Jan Schuemann
Massachusetts General Hospital, Boston

Monte Carlo simulations are not complicated any more

The Monte Carlo (MC) method uses random number generators and probability density functions to calculate statistical behaviors. In radiation therapy, MC simulations are mostly used to simulate the interaction and transport of particles with the treatment apparatus, the patient, or imaging devices. While the MC method offers high accuracy, it is often too computationally expensive for routine clinical use. Nevertheless, over the past decades, MC simulations have played a major role in many developments1.

Imaging: MC simulations are frequently used in the design of new detectors. Virtual design choices can be tested and optimized before going into costly construction. MC has been applied for many PET and prompt-gamma detectors. 2, 3

Dose Calculations: One of the most direct impact of MC simulations on clinical practice has been understanding dosimetry the impact of approximations in dose calculation algorithms employed in treatment planning software (TPS) 4. In particular for particle therapy, these approximations affected the prediction of doses near or around density heterogeneities (e.g. bone-air interfaces) 5. As a result, most TPSs are developing MC-based dose calculations as a second check or directly for treatment planning. The development of GPU-based MC codes allowed to greatly reduce calculation time6.

Physics properties: The nature of MC calculations, tracking each individual particle, allows to directly extract additional physics properties. Particle fluences or the linear energy transfer (LET) can be obtained at any position7. LET information is used to investigate the variations of the relative biological effectiveness (RBE) of particle therapy across the treatment fields8.

DNA scale: MC simulations offer the ability to investigate scenarios that may be experimentally impossible. Interactions of radiation with cell constituents, e.g. DNA, can be simulated with dedicated MC codes9-11. Such studies aim to understand the fundamental processes of DNA damage induction and cell repair.

MC codes have for a long time required knowledge in the MC method, the physics concepts, and programming skills. Now, some codes have been designed to make entry into MC simulations much more user friendly, sometimes requiring very little to no programming expertise12. In times of social distancing, temporary lab closures and working from home, learning about MC simulations may be a time well spent, providing a tool to continue research from home.


1       H. Paganetti, “Advancing (proton) radiation therapy.,” Int. J. Radiat. Oncol. Biol. Phys. 87(5), 871–873 (2013).

2       S. Jan et al., “GATE V6: a major enhancement of the GATE simulation platform enabling modelling of CT and radiotherapy,” Phys. Med. Biol. 56(4), 881–901 (2011).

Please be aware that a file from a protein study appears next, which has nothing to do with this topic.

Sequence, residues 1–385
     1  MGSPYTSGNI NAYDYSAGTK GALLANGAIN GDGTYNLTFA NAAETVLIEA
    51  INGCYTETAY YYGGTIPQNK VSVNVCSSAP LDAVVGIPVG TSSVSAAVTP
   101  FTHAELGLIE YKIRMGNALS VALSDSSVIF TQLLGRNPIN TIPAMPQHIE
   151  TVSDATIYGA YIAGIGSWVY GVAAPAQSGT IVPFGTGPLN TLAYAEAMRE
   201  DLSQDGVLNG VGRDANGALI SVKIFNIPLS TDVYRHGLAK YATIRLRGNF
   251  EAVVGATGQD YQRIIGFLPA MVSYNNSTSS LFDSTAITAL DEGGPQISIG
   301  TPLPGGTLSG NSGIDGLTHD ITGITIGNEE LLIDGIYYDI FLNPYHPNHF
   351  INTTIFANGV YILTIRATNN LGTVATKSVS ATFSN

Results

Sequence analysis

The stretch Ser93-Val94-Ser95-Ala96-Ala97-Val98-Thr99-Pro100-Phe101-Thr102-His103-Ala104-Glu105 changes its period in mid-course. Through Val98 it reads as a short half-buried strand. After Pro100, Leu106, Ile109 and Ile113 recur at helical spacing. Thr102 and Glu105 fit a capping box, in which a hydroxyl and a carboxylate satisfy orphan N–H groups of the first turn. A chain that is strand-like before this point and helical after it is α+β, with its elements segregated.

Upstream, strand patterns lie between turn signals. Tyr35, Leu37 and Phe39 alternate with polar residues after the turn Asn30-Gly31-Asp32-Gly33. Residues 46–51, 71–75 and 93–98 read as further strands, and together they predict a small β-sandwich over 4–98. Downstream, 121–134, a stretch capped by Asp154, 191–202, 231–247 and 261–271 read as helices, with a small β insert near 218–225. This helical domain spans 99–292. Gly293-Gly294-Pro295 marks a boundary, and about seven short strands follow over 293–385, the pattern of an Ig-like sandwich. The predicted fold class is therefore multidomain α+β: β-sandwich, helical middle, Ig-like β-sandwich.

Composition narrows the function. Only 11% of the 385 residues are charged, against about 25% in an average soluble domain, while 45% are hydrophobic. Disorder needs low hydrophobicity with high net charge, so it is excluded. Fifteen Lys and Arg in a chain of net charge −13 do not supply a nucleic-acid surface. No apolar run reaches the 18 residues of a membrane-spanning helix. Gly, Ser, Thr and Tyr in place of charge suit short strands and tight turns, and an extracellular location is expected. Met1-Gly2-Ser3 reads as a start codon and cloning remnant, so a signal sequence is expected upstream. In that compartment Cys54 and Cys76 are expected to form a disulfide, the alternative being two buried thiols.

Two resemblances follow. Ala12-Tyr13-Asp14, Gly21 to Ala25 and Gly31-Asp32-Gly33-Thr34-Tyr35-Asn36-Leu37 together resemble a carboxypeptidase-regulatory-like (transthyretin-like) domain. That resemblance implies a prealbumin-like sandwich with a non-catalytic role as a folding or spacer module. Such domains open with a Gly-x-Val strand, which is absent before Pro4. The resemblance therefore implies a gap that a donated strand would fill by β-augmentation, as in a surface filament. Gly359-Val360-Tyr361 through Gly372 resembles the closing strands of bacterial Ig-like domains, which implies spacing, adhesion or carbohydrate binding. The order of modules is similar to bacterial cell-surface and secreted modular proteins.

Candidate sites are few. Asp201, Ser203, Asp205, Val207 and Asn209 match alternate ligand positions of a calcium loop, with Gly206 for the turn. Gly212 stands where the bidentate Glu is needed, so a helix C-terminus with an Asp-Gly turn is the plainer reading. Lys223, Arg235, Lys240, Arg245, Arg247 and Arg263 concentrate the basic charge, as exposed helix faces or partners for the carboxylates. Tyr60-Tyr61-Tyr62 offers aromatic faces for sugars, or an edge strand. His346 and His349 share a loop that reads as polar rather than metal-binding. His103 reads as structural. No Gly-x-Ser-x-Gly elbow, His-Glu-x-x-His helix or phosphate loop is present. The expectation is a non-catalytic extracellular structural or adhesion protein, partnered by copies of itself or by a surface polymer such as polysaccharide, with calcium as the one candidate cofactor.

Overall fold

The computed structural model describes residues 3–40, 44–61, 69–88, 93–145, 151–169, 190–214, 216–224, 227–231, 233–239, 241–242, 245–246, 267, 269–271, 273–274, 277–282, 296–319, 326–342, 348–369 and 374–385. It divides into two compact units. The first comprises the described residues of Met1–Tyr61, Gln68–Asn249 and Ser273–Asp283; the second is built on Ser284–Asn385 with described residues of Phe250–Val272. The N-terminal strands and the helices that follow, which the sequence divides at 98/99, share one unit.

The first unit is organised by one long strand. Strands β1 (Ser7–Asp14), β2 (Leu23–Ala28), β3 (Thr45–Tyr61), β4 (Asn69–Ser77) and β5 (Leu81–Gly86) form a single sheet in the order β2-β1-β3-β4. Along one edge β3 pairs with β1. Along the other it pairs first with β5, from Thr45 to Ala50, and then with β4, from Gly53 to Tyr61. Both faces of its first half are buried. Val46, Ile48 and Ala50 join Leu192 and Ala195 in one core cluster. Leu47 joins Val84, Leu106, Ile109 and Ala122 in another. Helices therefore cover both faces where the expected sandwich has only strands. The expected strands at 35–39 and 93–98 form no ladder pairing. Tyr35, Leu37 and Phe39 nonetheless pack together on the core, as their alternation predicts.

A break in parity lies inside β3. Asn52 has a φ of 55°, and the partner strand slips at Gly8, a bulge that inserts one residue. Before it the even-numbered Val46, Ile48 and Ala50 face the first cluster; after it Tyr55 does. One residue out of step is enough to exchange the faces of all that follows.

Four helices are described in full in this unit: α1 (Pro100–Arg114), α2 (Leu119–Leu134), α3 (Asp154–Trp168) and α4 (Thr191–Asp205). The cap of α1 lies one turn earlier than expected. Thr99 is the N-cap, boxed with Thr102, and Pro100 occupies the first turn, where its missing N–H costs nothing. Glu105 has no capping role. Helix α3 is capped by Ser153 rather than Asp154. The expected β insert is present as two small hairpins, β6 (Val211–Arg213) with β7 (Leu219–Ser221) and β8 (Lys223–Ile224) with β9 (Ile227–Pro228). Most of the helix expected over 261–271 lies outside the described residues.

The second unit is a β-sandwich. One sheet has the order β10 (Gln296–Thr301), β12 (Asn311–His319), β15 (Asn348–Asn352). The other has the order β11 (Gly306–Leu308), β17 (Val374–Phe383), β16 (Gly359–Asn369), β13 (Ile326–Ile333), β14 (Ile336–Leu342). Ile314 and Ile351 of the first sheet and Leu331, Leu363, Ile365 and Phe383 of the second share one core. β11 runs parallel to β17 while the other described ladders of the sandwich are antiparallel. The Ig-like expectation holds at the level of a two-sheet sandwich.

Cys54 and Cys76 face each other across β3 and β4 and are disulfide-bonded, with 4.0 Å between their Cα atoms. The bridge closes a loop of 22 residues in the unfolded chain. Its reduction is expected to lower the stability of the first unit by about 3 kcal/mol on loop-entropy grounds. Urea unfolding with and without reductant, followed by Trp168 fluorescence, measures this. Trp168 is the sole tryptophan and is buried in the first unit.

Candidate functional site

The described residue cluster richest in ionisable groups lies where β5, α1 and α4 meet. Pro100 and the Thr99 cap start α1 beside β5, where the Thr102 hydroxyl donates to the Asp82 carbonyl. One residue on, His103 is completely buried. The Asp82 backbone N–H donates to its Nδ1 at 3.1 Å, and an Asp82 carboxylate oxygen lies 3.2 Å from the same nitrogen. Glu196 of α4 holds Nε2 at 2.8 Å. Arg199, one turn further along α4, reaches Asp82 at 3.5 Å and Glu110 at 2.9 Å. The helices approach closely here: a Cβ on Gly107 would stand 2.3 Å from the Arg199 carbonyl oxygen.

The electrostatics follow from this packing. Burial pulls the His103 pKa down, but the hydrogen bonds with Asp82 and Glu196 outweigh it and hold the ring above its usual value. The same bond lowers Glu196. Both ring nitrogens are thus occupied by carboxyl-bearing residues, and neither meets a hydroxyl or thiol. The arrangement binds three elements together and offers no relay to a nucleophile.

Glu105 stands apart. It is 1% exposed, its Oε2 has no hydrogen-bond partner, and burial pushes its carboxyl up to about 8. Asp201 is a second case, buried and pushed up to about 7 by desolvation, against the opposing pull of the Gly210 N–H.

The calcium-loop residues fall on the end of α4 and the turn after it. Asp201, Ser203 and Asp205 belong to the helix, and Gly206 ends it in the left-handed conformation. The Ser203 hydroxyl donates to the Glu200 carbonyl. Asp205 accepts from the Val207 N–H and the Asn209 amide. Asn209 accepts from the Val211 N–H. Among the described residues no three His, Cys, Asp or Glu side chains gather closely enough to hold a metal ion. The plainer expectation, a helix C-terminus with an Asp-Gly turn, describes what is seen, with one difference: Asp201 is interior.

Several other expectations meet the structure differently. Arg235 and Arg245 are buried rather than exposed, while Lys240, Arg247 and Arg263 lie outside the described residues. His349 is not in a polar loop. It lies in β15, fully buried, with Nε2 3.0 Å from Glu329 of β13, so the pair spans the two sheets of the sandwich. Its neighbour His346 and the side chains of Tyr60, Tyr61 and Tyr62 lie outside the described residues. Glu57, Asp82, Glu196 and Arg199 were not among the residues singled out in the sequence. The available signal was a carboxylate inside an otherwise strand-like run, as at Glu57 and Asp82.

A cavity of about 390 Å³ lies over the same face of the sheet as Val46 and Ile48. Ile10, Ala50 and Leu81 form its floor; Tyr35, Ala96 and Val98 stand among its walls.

3       J.M. Verburg, H.A. Shih, and J. Seco, “Simulation of prompt gamma-ray emission during proton radiotherapy.,” Phys. Med. Biol. 57(17), 5459–5472 (2012).

4       P. Andreo, “Monte Carlo simulations in radiotherapy dosimetry.,” Radiat Oncol 13(1), 121 (2018).

5       J. Schuemann, S. Dowdell, C. Grassberger, C.H. Min, and H. Paganetti, “Site-specific range uncertainties caused by dose calculation algorithms for proton therapy.,” Phys. Med. Biol. 59(15), 4007–4031 (2014).

6       X. Jia, X. Gu, Y.J. Graves, M. Folkerts, and S.B. Jiang, “GPU-based fast Monte Carlo simulation for radiotherapy dose calculation.,” Phys. Med. Biol. 56(22), 7017–7031 (2011).

7       D.A. Granville and G.O. Sawakuchi, “Comparison of linear energy transfer scoring techniques in Monte Carlo simulations of proton beams.,” Phys. Med. Biol. 60(14), N283–91 (2015).

8       H. Paganetti, “Relative biological effectiveness (RBE) values for proton beam therapy. Variations as a function of biological endpoint, dose, and linear energy transfer.,” Phys. Med. Biol. 59(22), R419–72 (2014).

9       S. Incerti et al., “Geant4-DNA example applications for track structure simulations in liquid water: A report from the Geant4-DNA Project.,” Med. Phys. 45(8), e722–e739 (2018).

10     D. Boscolo, M. Krämer, M. Durante, M.C. Fuss, and E. Scifoni, “TRAX-CHEM: A pre-chemical and chemical stage extension of the particle track structure code TRAX in water targets,” Chem. Phys. Lett. 698, 11–18 (2018).

11     J. Schuemann et al., “TOPAS-nBio: An Extension to the TOPAS Simulation Toolkit for Cellular and Sub-cellular Radiobiology.,” Radiat. Res. 191(2), 125–138 (2019).

12     J. Perl, J. Shin, J. Schuemann, B. Faddegon, and H. Paganetti, “TOPAS: an innovative proton Monte Carlo platform for research and clinical applications.,” Med. Phys. 39(11), 6818–6837 (2012).